There are many kinds of cybersecurity tools available to small businesses. However, it would be impossible to list them all in a single blog post and the cost of them can add up. They can sometimes also act as a placebo, giving you the feeling that you have managed your risks - without actually doing so. So, let’s start with a couple of basic, commonsense protections that you probably should have in place.
Multi-factor authentication is highly recommended everywhere you enter username and password credentials. While many consumers know multi-factor authentication as something like a text SMS messaging after entering their password, many banks, and government players are moving into multi-factor authentication apps or other non-text message delivery—which is even better!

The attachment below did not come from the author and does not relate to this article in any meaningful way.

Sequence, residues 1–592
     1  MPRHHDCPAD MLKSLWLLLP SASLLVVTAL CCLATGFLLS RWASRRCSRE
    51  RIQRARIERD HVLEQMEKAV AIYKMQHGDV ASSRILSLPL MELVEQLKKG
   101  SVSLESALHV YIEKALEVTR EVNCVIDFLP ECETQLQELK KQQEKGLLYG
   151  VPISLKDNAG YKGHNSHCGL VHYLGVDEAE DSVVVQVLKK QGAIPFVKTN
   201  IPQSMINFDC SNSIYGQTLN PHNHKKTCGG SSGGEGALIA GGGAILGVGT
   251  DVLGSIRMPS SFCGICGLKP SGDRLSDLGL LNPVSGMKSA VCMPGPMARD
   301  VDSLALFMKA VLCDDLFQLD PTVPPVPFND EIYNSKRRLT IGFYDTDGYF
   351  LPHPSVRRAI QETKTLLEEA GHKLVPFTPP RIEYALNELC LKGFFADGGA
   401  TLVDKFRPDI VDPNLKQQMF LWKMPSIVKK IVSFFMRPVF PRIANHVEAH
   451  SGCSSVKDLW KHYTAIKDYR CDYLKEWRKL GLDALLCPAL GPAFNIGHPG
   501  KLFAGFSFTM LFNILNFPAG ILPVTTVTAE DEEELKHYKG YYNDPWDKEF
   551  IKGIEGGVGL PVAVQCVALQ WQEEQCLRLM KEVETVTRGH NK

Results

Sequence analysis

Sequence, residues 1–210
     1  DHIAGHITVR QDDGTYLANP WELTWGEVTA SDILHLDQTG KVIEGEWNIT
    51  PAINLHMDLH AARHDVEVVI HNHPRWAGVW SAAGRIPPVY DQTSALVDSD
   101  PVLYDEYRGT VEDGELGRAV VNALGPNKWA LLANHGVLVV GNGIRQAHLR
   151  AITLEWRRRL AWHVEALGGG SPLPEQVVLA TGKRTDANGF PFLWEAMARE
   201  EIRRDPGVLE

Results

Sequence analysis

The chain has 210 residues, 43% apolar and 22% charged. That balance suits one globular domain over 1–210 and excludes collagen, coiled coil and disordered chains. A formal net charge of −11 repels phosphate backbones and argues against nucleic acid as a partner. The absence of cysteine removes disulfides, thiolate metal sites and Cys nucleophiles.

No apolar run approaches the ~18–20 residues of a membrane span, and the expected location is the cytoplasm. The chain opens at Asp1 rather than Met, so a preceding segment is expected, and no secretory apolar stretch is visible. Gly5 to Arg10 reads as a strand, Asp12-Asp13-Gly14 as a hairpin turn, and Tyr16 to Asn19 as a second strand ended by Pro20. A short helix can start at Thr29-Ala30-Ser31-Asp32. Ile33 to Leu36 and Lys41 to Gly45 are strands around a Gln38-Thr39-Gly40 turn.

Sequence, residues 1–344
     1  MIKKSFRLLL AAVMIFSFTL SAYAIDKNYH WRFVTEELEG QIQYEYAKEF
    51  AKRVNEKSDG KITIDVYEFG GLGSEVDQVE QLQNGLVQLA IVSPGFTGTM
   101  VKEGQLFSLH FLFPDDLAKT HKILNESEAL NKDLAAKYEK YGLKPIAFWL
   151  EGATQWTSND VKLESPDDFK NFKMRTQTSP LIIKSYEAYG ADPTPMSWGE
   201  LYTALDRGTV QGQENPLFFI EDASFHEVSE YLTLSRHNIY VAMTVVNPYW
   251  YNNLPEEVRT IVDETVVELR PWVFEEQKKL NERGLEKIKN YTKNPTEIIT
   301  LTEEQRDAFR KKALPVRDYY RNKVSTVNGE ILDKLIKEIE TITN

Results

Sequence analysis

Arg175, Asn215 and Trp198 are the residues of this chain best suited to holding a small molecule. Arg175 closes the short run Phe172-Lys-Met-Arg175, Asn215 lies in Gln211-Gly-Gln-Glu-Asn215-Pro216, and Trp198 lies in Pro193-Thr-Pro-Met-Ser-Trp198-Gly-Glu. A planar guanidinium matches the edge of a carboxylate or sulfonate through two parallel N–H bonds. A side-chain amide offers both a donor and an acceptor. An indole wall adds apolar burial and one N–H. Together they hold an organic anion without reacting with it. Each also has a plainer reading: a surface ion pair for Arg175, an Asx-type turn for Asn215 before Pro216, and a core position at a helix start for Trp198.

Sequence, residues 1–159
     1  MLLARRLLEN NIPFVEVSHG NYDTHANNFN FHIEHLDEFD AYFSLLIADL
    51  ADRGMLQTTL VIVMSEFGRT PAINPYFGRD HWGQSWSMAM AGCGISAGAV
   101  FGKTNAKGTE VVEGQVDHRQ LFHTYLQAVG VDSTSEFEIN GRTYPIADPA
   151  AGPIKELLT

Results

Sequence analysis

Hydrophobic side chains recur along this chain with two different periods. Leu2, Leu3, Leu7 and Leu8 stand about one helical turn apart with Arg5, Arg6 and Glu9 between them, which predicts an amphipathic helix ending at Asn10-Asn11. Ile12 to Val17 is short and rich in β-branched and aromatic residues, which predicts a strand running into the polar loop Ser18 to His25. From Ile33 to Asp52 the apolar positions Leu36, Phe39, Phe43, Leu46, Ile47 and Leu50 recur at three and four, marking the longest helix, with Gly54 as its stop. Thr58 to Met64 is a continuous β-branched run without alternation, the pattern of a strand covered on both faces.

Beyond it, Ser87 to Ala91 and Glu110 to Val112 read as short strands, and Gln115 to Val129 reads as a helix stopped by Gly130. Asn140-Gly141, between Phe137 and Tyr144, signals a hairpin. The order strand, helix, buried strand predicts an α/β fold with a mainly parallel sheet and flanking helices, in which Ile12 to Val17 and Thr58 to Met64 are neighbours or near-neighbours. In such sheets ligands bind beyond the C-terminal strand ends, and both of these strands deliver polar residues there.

Firewalls, including some specifically for mobile devices, are servers and/or applications that act as the first or sometimes the second point of response for all incoming traffic. A firewall will defend a network, a device, or both against many, but not all kinds of cyber-attacks. This could include things like malicious code injection, denial of service (DoS) attacks, viruses, malware and potentially malicious payloads embedded in documents. A firewall will work best when custom configured onto a specific network application or device and to the specific needs of that instance.
Not using a firewall is a novice mistake as they capture and stop a large number of attacks. Also, firewalls are a requirement of most if not all compliance standards and frameworks—so you’ve got to have and use them. But make sure they are configured for maximum defense; do not just rely on the out-of-the-box defaults.